He said peace in Afghanistan is not only in Pakistan’s interest, but Russia, China, Central Asian States and even Iran will be greatly benefit with peace in the region. He said to ensure permanent peace in Afghanistan all regional countries should give an undertaking that they will not allow proxies to use their land to destabilise Afghanistan.
The former Ambassador said that Afghanistan, along with Central Asian States, can also reap benefits from the China Pakistan Economic Corridor (CPEC); through the infrastructure project regional trade can increase manifold. “Stopping Afghan transit trade can increase problems for Afghanistan,” saying that instead of imposing a ban on Afghan transit trade the Government of Pakistan should take measures to stop the smuggling and pilferage of goods between two countries.
Executive Director of SDPI Dr Abid Suleri supported the observations of his fellow panelists by saying that TAPI holds great significance for Pakistan because it is facing a huge shortage of affordable energy. He said since winter started the price of LNG has already substantially increased in the international market. He said TAPI project is not only crucial for Pakistan, but for Afghanistan as well.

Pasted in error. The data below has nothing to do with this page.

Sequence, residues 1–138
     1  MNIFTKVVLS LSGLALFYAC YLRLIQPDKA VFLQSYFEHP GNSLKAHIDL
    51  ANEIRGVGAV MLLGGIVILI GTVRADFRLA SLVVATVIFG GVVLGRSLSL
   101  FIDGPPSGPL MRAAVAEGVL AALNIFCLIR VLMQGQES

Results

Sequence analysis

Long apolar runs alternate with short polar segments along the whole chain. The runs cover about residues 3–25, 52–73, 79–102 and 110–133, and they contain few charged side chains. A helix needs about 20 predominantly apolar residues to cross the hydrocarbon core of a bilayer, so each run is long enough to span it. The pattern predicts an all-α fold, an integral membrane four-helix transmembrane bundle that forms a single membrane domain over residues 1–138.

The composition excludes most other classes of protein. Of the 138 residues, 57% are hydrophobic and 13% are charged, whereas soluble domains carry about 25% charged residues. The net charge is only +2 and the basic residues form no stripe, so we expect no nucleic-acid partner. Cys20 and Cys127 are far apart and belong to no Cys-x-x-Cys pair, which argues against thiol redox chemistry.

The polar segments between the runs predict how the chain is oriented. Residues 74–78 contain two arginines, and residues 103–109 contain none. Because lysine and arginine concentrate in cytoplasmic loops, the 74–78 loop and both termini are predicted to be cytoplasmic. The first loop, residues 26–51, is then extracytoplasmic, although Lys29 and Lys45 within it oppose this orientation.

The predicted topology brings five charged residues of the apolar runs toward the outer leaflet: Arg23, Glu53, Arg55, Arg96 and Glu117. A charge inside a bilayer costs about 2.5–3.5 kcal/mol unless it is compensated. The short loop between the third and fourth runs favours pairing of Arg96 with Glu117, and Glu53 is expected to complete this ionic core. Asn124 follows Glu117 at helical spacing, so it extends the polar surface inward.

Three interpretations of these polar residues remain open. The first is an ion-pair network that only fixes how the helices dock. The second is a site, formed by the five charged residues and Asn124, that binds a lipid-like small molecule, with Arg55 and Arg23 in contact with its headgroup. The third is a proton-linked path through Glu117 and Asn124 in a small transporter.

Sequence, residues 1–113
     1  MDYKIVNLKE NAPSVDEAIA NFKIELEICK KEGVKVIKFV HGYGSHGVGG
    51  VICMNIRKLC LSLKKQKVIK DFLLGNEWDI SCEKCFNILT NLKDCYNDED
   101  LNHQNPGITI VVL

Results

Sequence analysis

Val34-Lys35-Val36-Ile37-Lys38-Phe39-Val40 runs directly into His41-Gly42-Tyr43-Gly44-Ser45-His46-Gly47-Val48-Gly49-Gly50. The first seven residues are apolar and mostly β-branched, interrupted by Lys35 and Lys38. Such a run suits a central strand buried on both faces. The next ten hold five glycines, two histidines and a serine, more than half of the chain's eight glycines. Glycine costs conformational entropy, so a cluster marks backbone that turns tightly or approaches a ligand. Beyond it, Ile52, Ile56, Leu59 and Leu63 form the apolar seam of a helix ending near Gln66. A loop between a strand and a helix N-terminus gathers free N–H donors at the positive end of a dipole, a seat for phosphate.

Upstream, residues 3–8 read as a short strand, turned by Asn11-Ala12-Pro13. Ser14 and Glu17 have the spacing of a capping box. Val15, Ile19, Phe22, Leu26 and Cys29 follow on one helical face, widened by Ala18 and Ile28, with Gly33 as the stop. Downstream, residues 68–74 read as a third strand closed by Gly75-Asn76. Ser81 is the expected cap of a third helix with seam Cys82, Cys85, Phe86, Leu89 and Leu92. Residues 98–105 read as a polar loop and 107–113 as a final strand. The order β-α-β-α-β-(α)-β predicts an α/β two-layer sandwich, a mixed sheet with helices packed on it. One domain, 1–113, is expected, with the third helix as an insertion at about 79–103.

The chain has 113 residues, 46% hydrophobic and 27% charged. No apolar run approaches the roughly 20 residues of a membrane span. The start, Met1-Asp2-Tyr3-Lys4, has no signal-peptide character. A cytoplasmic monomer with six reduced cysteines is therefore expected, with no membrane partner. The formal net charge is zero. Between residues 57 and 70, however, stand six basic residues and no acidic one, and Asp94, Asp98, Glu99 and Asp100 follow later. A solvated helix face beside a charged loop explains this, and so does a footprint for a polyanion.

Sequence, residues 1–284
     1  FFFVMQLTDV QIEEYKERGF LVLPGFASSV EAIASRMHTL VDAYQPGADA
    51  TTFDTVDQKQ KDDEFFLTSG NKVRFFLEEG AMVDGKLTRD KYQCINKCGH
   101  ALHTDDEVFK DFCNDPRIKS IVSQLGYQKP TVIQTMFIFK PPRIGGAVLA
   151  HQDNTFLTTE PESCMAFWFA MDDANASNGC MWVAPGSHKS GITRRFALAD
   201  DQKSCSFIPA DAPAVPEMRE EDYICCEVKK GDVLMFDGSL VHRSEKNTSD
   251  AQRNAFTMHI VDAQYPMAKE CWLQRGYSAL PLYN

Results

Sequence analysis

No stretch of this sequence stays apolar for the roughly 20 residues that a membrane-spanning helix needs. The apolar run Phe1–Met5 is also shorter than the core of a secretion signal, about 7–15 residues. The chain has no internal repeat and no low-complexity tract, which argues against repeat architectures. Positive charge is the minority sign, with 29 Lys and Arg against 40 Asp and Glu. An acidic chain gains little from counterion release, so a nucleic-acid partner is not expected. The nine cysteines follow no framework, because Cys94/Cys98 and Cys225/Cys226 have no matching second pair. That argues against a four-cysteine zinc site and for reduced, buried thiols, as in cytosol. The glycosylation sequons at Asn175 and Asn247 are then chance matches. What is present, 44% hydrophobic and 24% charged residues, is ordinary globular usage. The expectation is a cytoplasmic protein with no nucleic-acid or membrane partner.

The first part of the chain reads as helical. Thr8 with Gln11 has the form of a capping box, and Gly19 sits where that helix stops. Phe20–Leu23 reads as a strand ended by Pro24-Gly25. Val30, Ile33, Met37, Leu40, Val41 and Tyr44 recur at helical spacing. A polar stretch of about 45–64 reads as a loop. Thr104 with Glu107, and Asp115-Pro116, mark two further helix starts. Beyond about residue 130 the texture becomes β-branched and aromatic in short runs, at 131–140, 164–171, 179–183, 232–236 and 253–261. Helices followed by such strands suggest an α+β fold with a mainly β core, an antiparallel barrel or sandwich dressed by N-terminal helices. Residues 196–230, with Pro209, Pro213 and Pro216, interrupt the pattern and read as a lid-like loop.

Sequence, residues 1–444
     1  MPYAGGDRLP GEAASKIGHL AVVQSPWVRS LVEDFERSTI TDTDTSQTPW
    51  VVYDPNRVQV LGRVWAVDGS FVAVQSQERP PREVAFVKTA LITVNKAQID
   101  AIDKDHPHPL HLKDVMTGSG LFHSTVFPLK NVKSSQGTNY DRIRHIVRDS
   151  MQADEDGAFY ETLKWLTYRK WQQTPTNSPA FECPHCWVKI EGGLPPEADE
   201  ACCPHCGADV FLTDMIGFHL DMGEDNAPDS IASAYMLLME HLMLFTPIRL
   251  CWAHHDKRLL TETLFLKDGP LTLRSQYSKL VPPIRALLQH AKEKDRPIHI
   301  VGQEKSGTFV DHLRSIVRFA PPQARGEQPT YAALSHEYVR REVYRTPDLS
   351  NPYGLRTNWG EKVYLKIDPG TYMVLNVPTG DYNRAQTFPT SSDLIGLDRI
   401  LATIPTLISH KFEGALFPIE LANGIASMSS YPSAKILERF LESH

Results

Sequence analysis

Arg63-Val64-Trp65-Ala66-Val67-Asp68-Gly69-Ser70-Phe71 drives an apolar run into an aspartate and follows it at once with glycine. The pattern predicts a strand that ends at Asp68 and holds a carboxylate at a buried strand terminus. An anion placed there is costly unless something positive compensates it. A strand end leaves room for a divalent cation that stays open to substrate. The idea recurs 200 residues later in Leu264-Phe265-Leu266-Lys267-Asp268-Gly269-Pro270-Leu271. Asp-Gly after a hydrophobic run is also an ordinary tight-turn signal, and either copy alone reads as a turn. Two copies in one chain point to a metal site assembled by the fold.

He said Afghan Transit trade window in the recent past has been heavily misused. He said huge quantity of imported goods meant for Afghanistan through Pak-Afghan border were smuggled into Pakistan without paying any duties.
He said because of this practice the Federal Board of Revenue (FBR) was losing between Rs 300 bn to Rs 400 bn in term of import duties and it was also making locally manufactured goods uncompetitive. He said now, since the agreement of Afghan Transit is in renewal stage, one has look on these loopholes and flaws which damaging Pakistan’s economy.
Dr Abid said that Gwadar Port will start catering to Pakistan’s needs after five to six years. However, it can be used for intra-shipment purposes. He said that Afghanistan can use Gwadar Port for sea-trade in near future.
Chief Guest of the conference, former Joint Chiefs of Staff Committee General Retd Ehsan Ul Haq, in his concluding remarks said that peace in Afghanistan now seems to be a reality but at the same time challenges and fears still exist.
He said even in the ranks of Taliban difference of opinion exist on this peace deal. However, he said that even the Taliban want peace in their own country and region as a whole.